Westlaw Journals weekly round-up

February 25, 2015

Westlaw Journals Weekly RoundupSome highlights from recent litigation news headlines over at the Westlaw Journal blog include a ruling about a Minnesota hospital and its decision not to admit a suicidal teen; California’s high court says on-call security guards must get paid for sleeping; and Uber must face unfair-competition claims in Boston federal court:

Minnesota hospital immune from liability over decision not to admit suicidal teen: A hospital that declined to voluntarily admit a teenager who later committed suicide is immune from liability for his death because it acted in good faith pursuant to state law, the Minnesota Court of Appeals has ruled. On Feb. 9, a panel of three judges unanimously reversed a trial court’s decision to deny summary judgment to defendants Allina Health System and Allina Clinic Holdings under the Minnesota Commitment and Treatment Act, Minn. Stat. § 253B.23. (Medical Malpractice)

On-call security guards must be paid for sleeping, California high court says: Construction site security guards who spend part of their shifts on call to respond to alarms must be paid for that time under California law, and employers cannot exclude hours for sleep from compensable time, the state Supreme Court has ruled. The state wage regulation that applies to security guards requires CPS Security Solutions Inc. to pay the guards based on the level of control the company has over them, the unanimous court said Jan. 8, affirming an appellate decision. (Employment)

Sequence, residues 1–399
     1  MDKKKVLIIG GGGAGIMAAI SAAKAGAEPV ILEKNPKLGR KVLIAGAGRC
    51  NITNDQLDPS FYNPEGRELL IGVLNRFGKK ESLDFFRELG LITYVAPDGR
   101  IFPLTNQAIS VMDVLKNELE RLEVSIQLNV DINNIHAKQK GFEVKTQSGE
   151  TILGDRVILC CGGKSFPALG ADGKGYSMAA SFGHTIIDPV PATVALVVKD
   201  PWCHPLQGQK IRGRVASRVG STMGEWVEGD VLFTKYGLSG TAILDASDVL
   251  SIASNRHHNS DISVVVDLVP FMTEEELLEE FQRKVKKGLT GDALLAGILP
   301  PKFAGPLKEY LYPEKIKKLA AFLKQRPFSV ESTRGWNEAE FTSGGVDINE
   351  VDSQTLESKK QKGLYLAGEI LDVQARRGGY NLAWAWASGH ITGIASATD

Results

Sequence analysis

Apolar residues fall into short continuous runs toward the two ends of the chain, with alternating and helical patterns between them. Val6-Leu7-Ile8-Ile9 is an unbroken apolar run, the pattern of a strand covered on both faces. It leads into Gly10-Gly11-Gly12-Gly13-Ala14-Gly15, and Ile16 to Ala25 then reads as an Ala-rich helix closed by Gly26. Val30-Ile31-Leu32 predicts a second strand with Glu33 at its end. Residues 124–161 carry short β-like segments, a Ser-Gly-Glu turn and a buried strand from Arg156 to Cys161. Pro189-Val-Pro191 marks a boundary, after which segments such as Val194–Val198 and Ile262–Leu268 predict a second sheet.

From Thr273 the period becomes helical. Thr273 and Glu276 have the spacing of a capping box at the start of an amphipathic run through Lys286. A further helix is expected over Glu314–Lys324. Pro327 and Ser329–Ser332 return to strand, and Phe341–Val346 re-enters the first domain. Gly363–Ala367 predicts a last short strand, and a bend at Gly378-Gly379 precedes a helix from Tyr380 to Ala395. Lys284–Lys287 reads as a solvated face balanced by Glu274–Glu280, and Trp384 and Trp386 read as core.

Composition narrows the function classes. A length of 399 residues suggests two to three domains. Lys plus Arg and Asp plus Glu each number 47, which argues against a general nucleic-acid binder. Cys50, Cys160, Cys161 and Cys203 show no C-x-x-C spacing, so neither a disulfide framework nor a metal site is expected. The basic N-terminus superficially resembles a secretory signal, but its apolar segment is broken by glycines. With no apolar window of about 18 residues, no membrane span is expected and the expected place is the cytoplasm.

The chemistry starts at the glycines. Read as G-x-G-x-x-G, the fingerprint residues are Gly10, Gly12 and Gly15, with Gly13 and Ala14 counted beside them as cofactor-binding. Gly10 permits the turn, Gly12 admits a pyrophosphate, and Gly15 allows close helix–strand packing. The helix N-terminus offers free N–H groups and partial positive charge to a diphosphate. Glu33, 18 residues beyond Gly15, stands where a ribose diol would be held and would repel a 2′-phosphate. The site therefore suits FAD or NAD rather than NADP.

Insurer had no duty to cover theft of $111,000 worth of 5-Hour Energy shots: An insurer did not act in breach of contract or bad faith when it refused to provide coverage to a wholesaler for more than $111,000 in missing 5-Hour Energy-brand shots based on a policy exclusion dealing with proof of loss, an Alabama federal judge ruled Jan. 29. U.S. Magistrate Judge Charles S. Coody of the Middle District of Alabama said the wholesaler had used “inventory calculations” to prove a loss had occurred, but the policy prohibits using this method as the only source to show a loss. (Insurance Bad Faith)

Uber must face Boston cab companies’ unfair-competition claims, judge says: Uber Technologies must continue defending against state law claims alleging the ride-sharing service unfairly operates in Boston without complying with Massachusetts law and city taxicab ordinances, a federal judge has ruled. Boston Cab Dispatch and EJT Management, two businesses required to comply with relevant taxicab rules, sufficiently claimed that Uber’s acts caused them to lose business or money, U.S. District Judge Nathaniel M. Gorton of the District of Massachusetts decided Jan. 26. (Computer & Internet)

Florida couple says bed design caused daughter’s death: A Florida furniture chain is facing a wrongful-death lawsuit by parents who say their daughter died after becoming entrapped between the mattress and footboard of their king-sized bed. In a complaint filed in the Duvall County Circuit Court on Jan. 23, Karen and Garvin Thomas accuse furniture chain owner W.S. Badcock Corp. of negligent design, manufacture and sale of its Empire Collection king-sized bed set. (Products Liability)